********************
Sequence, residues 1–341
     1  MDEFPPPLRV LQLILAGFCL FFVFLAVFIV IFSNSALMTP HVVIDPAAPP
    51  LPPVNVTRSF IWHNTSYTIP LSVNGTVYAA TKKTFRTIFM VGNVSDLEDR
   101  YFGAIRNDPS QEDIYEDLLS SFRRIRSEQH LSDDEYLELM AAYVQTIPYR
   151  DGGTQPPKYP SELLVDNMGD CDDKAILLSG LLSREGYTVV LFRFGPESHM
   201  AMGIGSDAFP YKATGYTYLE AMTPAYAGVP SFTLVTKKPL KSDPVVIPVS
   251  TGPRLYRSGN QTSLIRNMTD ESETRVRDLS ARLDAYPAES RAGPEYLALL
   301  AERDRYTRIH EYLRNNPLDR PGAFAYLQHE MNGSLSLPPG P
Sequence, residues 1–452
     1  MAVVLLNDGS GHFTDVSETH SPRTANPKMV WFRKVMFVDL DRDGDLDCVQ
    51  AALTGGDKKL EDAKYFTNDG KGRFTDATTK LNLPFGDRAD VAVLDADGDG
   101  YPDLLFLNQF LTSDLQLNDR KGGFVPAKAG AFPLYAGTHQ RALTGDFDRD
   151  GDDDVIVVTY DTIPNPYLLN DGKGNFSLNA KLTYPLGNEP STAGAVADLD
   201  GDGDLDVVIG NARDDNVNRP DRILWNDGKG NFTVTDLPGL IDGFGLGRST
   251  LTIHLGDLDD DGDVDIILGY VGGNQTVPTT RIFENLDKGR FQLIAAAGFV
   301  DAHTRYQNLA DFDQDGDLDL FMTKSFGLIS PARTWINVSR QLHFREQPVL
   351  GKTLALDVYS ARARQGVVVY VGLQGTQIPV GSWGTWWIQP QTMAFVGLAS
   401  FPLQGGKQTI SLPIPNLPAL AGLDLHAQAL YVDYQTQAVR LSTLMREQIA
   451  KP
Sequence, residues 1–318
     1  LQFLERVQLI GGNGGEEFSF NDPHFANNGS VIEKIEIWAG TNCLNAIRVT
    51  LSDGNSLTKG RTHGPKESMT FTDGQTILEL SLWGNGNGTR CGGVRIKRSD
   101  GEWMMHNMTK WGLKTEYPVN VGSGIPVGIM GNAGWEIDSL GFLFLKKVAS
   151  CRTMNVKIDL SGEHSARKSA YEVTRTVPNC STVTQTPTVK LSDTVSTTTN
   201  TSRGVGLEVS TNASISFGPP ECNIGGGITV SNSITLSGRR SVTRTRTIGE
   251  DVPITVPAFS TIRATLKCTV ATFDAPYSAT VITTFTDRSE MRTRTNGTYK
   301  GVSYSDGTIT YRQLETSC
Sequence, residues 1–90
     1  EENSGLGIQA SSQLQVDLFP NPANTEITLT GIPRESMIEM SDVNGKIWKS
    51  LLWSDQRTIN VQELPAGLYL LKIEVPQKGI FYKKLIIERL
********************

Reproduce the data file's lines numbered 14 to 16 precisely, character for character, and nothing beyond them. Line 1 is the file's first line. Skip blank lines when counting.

   201  GDGDLDVVIG NARDDNVNRP DRILWNDGKG NFTVTDLPGL IDGFGLGRST
   251  LTIHLGDLDD DGDVDIILGY VGGNQTVPTT RIFENLDKGR FQLIAAAGFV
   301  DAHTRYQNLA DFDQDGDLDL FMTKSFGLIS PARTWINVSR QLHFREQPVL